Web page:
Visual, How Visual is Visual?

New releases and general discussions.

Post » Fri May 08, 2009 6:01 am

[quote="Psmith":1431icya]It always amazes me how programmers reply to reasonable questions like the ones I have posed.[/quote:1431icya]

First, a lot of us here aren't programmers. In fact, most of us are probably here because we're NOT programmers. I'm proficient with construct, but I can't even manage to get through a basic javascript tutorial.

[quote="Psmith":1431icya]What can you call a thing other than "variable" that is more descriptive and more readily understandable to non-initiates? I'm sure you can find a better word or phrase if you cared to think about it for longer than a second or two.[/quote:1431icya]

This isn't a good argument. Think about it. Imagine you enounter something you've never encountered before - like an animal. You don't know what it's called. This type of thing happens all the time for scientists exploring the world. Therefore, to differentiate it from all the other animals, it needs a name.

Now, you may want to call it what you want, but the rest of the world already has a name for it. Going around referring to it by something else would only confuse people and no one would understand what you're talking about.

One of the great things about construct is it gives the power of a lot of real programming principles and makes them simple to understand and use. If you got over your reluctance to try to learn it, it probably wouldn't take you longer than a second or two to understand them, because they really are easy concepts to learn.

The other benefit of doing it this way is that even though I can't code the most basic thing in javascript, I can hold conversations with professional programmers about coding, and they can make suggestions to me that actually work in construct even though they've never used it. Calling it something like 'remember' would stunt your development as a coder and make it harder for you to jump from one dev environment to another.

[quote="Psmith":1431icya]I know I can. For non-global variables, instead of a dead and indeterminate noun, why not use a verb like "remember". "Remember"(something) would hold whatever you wanted in its "memory" until it is replaced by something else. A global variable could be equally descriptive by using another active phrase that everyone can understand like "remember forever" (something). This is how we speak and this is how we think.[/quote:1431icya]

A variable is a thing, which is referred to via a noun, not a verb. You're suggesting a replacement for the word variable, but the place remember would be used is in the action, instead of set variable. So remember what? What is the underlying part of the program you're working with? When you create new variables, what should they be called? Create a new remember? Referring to a thing with a verb doesn't work. What you're actually suggesting here is replacing the words "set variable" with remember. You'd still have to make a name for it. And what do you know, there already is one.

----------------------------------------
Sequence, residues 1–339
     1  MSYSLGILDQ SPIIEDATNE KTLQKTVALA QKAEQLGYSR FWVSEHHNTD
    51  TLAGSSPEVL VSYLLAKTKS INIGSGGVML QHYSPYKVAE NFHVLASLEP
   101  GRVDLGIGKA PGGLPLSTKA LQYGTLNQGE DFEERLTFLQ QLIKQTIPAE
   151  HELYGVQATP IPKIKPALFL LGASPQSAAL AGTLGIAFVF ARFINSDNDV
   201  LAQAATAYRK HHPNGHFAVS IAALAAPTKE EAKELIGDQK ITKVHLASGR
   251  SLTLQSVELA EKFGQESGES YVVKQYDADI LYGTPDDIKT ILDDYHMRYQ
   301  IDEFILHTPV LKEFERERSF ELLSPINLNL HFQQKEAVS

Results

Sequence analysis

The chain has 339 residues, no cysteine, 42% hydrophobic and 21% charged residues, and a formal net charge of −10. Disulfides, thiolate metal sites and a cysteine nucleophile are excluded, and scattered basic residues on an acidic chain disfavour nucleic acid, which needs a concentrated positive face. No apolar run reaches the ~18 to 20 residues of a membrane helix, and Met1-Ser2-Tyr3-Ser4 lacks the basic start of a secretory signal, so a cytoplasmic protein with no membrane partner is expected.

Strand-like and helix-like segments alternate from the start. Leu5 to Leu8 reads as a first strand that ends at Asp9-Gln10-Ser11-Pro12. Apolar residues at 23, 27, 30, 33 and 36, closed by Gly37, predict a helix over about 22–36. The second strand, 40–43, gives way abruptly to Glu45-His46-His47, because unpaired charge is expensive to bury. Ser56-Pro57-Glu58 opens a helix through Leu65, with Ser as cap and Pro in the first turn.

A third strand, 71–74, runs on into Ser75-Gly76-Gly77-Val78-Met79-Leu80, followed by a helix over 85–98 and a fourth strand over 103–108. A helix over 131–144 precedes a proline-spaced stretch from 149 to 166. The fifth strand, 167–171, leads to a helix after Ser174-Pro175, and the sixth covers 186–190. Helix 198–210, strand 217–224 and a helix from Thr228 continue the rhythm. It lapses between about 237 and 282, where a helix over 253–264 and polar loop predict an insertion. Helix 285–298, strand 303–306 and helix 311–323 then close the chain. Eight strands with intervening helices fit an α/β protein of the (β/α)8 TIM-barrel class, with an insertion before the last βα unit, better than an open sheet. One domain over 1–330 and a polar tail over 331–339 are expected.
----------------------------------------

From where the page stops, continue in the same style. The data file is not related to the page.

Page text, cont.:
It really is quite logical. A variable is a number or text that can be modified - i.e. it can vary. You can give them names. So sprite('speed') will retrieve the speed. Is set variable 'speed' really that much harder?

[quote="Psmith":1431icya]Considering that something is "advanced" or "professional", simply because it is obscure is nonsense.[/quote:1431icya]

It is not advanced, nor is it obscure. It's what everyone in the entire programming and mathematics world calls it. It's also one of the most basic parts of programming. You want advanced, look at anything quazi makes.

[quote="Psmith":1431icya]It is quite alright that you have designed this engine for making professional quality 2D games, but that does not require you to make it difficult for non-professionals to do so. Games and game logic are incredibly simple if you care to be honest about it. There is no need to add layers of complexity just so those who consider themselves "professionals" don't feel let down.[/quote:1431icya]

Games are as simple or as complex as they're made to be. Most of us here are not game industry professionals. I hope you don't feel let down by this. If you put as much effort into learning it as you're putting into trying to find some way to not have to, you'd have learned it already. This is about as simple as game logic gets while still having flexibility for more advanced stuff.

If you're having trouble understanding any of the terms, all you need to do is ask. The people here are very helpful.

[quote="Psmith":1431icya]Actually, PhotoShop was one of those programs I learned to use quite proficiently by clicking around and not reading a single page of documentation or following a single tutorial. Any really professional application that claims to have even a fraction of PhotoShop's utility should provide the same facility.[/quote:1431icya]

Try that with Maya. And I did learn most of construct by clicking around.

[quote="Psmith":1431icya]One of these days the Priesthood of the code will be thoroughly disbanded. Mark my words.[/quote:1431icya]

This isn't elitist nonsense. This variable thing has been around for hundreds/thousands of years and is quite thoroughly entrenched in both programming and mathematics. From wikipedia: "Much of the basic theory for which we use variables today, such as school geometry and algebra, was developed thousands of years ago, but the use of symbolic formulae and variables is only several hundreds of years old."

You're not going to win this argument. No one's trying to bash you down, but your suggestion is both impractical and not better than the way it is. Seriously, this stuff really isn't that hard to learn and it will help you in the long run.
Moderator
B
87
S
32
G
33
Posts: 3,005
Reputation: 27,397

Post » Fri May 08, 2009 6:43 am

lol, I bet its a fake account of LIJI's or something.
B
134
S
65
G
16
Posts: 1,765
Reputation: 19,188

Post » Fri May 08, 2009 6:50 am